The Bishops honestly thought the new Code allowed girl altar boys? PLEASE! Are these people really this naive?
By the new code do you mean the 1917 or the 1983 Code? Stevusmagnus' correspondent said:
About a decade later, some Bishops did permit girl altar servers based on their reading of Canon 230 Section 2 [ from the 1917 Code of Canon Law ], which was adopted in the new code in 1983 : "§2. Lay persons can fulfill the function of lector in liturgical actions by temporary designation. All lay persons can also perform the functions of commentator or cantor, or other functions, according to the norm of law."
Those who are honest with themselves will admit that this theoretically can open the door to altar girls. It just depends on your interpretation of "norm of law." The real norm of law is that altar servers must be male, but a non-Catholic such as populates the VII Church would not have that norm of law. They could also argue against the traditional norm of law being the real norm of law. They could say "Well, we believe the norm of law is that altar servers be of the human species and not apes. And we will not change that for anything -- call us conservative!"
Already under Pius XII the norm of law was being changed. Do people realize that he allowed women in the choir? This is certainly a total perversion of what was always known as the "norm of law."
Musicae Sacrae, 1955 --
"74. Where it is impossible to have schools of singers or where there are not enough choir boys, it is allowed that "a group of men and women or girls, located in a place outside the sanctuary set apart for the exclusive use of this group, can sing the liturgical texts at Solemn Mass, as long as the men are completely separated from the women and girls and everything unbecoming is avoided. The Ordinary is bound in conscience in this matter."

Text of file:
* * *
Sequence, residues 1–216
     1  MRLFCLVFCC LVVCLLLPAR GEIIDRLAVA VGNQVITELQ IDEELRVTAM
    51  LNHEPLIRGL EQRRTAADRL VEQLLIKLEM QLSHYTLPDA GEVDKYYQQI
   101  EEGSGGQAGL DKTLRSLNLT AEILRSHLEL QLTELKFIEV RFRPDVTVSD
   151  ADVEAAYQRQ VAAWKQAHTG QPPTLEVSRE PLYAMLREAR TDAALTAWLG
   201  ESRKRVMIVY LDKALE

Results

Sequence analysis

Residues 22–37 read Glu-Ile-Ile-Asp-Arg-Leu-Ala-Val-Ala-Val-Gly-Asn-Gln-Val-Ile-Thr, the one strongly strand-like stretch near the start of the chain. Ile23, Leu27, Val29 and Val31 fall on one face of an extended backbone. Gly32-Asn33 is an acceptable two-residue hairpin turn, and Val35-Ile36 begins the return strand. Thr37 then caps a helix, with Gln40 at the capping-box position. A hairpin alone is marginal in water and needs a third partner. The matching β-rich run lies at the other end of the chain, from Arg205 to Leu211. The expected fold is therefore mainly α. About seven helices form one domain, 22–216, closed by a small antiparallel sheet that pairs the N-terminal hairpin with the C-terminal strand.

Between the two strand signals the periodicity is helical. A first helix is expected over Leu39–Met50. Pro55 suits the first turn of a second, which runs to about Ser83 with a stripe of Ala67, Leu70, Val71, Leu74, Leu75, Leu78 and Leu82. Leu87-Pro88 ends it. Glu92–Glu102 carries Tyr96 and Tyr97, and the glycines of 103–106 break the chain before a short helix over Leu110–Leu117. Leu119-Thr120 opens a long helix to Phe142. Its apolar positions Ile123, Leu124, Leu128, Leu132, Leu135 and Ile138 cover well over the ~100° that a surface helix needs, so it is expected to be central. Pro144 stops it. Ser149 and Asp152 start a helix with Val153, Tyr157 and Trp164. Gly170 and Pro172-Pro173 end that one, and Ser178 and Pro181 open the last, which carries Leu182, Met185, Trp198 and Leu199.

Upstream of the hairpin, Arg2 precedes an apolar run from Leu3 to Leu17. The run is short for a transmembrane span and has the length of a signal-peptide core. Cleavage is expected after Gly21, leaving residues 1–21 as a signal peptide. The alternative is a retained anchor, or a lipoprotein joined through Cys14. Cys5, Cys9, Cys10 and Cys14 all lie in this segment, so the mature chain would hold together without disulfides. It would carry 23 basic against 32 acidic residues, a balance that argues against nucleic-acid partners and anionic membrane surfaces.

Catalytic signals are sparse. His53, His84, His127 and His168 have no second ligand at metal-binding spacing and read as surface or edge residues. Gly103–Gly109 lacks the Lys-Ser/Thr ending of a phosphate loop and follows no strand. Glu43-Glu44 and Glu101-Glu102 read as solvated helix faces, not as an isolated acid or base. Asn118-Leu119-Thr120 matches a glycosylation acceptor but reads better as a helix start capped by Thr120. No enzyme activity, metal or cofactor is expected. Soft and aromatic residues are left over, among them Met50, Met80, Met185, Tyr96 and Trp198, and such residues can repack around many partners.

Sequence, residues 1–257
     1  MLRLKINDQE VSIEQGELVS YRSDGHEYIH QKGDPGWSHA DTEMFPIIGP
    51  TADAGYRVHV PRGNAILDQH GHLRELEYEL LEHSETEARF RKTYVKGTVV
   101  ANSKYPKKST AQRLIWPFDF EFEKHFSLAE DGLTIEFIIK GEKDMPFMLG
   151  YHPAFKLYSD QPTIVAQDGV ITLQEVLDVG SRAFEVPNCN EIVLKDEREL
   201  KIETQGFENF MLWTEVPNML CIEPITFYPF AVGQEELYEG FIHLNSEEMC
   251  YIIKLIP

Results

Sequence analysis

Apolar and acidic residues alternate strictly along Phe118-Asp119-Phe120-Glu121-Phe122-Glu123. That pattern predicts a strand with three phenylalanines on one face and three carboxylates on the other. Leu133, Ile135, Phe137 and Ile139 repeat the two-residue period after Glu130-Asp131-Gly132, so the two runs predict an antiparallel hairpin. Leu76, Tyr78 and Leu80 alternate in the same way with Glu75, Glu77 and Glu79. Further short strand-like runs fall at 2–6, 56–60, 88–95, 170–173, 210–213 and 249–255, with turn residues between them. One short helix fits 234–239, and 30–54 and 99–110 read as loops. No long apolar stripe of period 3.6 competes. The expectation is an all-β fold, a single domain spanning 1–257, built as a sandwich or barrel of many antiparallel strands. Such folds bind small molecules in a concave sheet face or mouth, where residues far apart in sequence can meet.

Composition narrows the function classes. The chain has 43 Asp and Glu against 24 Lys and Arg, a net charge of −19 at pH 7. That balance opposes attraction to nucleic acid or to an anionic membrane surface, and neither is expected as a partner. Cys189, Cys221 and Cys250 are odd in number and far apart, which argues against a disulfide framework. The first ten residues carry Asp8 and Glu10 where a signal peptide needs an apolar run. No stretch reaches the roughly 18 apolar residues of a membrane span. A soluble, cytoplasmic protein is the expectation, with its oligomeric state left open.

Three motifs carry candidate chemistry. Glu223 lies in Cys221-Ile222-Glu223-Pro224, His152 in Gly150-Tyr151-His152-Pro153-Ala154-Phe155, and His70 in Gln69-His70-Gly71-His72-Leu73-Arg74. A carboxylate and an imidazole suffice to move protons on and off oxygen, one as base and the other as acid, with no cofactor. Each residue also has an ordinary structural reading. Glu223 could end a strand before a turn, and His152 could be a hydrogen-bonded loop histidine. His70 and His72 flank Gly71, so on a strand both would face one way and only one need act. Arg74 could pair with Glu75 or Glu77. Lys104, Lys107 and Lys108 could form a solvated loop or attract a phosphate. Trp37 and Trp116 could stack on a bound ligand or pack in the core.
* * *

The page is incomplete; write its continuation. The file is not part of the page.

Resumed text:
"The Ordinary is bound in conscience on this matter." Give me a break. The tone is conservative; the teaching is liberal. This dichotomy is the essence of Pius XII and of the anti-Popes who followed.
What he is prescribing goes contrary to everything ever known -- the "norm of law" -- about sacred music. Women are not to sing in Church with men ( I just realized that they do at CMRI, where I go ). Pius XII, by saying that men and women can sing together, but should be separated physically, makes it seem like the Church forbade male/female singing because of the danger of illicit contact. But that has nothing to do with it. It is the very sound
of male and female voices harmonizing that is the problem. The blend of male and female voices imparts an overtly sexual quality -- just listen to certain recordings of Monteverdi's Vespers to see what I'm talking about -- and this is why boys were used in polyphony instead ( though obviously women could sing in nunneries and on other occasions ).
But still, this falls under a matter of discipline, and if the Pope allows it, what are you going to do? There was a time when certain people found polyphony in itself to be against custom and controversial, and wanted there to be only Gregorian chant in Church. They may have been partly right because, prior to Palestrina -- who completely purified and Catholicized the form, hence his singular greatness -- much polyphony was based on popular chansons, and this reached its pinnacle of subversion with Orlando Lassus, who based one entire Mass on a song about the joys of 15-year old girls.
"Some of his masses are based on extremely secular French chansons, some of which are frankly obscene (Entre vous filles de quinze ans, 'Oh you fifteen-year old girls', by Clemens non Papa, gave him source material for his 1581 Missa entre vous filles, probably the most scandalous of the lot)."